Sarah Angliss, a sound historian and composer with a robot band, gave a brilliant and educational talk about the sometimes surprising way that people have evolved with musical technology (e.g. how and why did instruments such as the Giraffe Piano die out?), and how the Uncanny Valley principle applies, whereby we are increasingly intrigued as machines seem more life-like … until they get too close, and then we often find them distasteful. She also talked about how two elements in music – technique and derring do – can combine to form a mystical third element: grace; and how audiophiles spend absurd amounts of time and money trying to recapture this transcendental feeling in recorded music. She talked about how before recording technology, castrati were used as musical devices and people taught birds popular songs to be reproduced at parties and events, and how we really take for granted the mystical quality of being able to hear the voices of the dead using recording technology. There was something in this talk that seemed very relevant and instructive in terms of how we relate to machines, but which I can’t quite put my finger on.

Another excellent contribution was from Simone Rebaudengo, who gave a delightful talk outlining his experience creating a ‘real fictional network’ of connected toasters that were hosted by willing experimenters in several London offices. The key idea, which I found quite illuminating, was the notion that products might ‘want’ something (e.g. to be used) and in future our relationship with them might not be one of ownership and control, but rather custodianship and participation. The majority of Internet of Things talks I have heard over time tend to struggle to get beyond the fridge or toaster use case, so I was sceptical; but this was such a lovely story and so wonderfully executed that I found it both poignant and in some ways profound in challenging our preconceptions about products, their identity and interaction. You can read more and watch the videos on the designed addictions blog.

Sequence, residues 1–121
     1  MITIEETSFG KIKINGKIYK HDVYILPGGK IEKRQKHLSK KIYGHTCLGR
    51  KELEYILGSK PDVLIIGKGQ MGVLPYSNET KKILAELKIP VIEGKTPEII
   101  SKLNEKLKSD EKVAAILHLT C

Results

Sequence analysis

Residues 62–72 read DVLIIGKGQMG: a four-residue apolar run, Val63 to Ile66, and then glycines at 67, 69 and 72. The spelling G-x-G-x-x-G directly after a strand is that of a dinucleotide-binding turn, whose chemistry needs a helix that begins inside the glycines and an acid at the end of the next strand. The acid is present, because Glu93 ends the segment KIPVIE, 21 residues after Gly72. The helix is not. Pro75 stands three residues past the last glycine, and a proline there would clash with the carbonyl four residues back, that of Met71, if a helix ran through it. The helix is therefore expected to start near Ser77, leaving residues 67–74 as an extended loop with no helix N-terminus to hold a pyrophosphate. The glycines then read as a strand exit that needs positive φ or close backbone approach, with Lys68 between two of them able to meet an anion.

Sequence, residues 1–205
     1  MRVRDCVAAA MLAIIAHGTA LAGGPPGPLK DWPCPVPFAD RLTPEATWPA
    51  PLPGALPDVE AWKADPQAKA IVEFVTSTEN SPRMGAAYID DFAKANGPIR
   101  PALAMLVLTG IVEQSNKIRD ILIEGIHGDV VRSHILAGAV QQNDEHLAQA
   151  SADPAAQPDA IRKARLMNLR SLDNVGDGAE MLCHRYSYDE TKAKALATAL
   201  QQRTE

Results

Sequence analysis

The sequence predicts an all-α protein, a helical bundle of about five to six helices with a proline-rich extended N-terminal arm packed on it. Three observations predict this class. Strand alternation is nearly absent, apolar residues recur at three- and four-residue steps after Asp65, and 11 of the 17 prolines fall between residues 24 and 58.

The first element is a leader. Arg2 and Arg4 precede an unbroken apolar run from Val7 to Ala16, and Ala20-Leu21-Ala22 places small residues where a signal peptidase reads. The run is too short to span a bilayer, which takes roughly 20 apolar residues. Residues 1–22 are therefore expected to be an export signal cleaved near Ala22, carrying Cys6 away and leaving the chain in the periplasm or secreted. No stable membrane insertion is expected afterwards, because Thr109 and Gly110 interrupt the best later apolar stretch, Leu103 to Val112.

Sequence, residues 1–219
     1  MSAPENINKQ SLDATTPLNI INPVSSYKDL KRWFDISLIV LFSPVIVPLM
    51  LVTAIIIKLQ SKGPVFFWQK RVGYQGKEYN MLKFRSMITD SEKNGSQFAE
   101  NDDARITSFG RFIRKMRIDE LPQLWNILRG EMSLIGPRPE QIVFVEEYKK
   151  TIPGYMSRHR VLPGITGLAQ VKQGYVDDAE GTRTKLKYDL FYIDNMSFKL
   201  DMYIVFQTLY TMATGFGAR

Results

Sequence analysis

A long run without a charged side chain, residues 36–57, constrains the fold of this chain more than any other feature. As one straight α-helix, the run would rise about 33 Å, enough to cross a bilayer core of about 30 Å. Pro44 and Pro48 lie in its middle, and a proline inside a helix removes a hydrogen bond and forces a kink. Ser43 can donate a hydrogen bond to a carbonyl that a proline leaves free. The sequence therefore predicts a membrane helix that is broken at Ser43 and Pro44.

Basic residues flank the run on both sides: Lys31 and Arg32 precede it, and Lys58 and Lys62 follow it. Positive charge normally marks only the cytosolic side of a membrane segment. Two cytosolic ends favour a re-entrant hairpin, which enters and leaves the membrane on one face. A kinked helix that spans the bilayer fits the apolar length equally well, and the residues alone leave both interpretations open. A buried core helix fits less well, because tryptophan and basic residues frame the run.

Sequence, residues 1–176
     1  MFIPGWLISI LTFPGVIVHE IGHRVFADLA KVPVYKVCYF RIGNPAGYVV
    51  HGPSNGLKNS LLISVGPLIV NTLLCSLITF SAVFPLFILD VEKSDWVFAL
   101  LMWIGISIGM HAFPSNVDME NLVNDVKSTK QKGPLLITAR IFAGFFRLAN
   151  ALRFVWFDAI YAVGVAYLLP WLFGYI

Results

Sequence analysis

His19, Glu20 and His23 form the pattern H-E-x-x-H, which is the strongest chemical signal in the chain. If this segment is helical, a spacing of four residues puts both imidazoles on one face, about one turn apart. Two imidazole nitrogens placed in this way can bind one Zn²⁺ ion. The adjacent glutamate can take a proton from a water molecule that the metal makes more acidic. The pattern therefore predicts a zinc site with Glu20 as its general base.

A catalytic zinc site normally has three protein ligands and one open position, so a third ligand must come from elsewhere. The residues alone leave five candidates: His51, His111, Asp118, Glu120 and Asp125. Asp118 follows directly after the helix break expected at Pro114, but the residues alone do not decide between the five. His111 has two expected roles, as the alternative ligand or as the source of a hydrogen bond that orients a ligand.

Thirdly, another sub-theme I noticed was the idea of making the invisible visible. This is not a new theme, but in recent years it has been increasingly applied to design disciplines that run the risk of disempowering or misleading ‘users’ by cloaking underlying assumptions and functionality. This applies to both the banal issue of website cookie laws all the way through to potentially dangerous developments such as the proliferation of CCTV and even the briefly-notorious MAC-address sniffing hi-tech bins in London. Dan Williams gave a very interesting talk about this and more, and suggested that as technology becomes cheap, commoditised and widely available, we are seeing a proliferation of unintended uses and consequences for previously single-purpose technologies – e.g. CCTV for analysing the gender, race and even income level of a bar, mini-phones that look like car keyrings becoming popular in prisons, or web sites like Please Rob Me that use the Foursquare API for purposes that neither Foursquare nor its users anticipated. Dan reminded us that creating a sense of wonder with technology sometimes means masking how it works; but this can be dangerous since if you don’t know how to read the technology, you don’t know what it is doing. Therefore, a responsibility of critical engineering is to expose how things work so that people are aware of their implications.

A great, thought-provoking day that proved, once again, that there are many brilliant, generous minds working in or around the future of technology and human experience today. Thanks to Jeremy Keith, Clearleft and helpers for making it happen.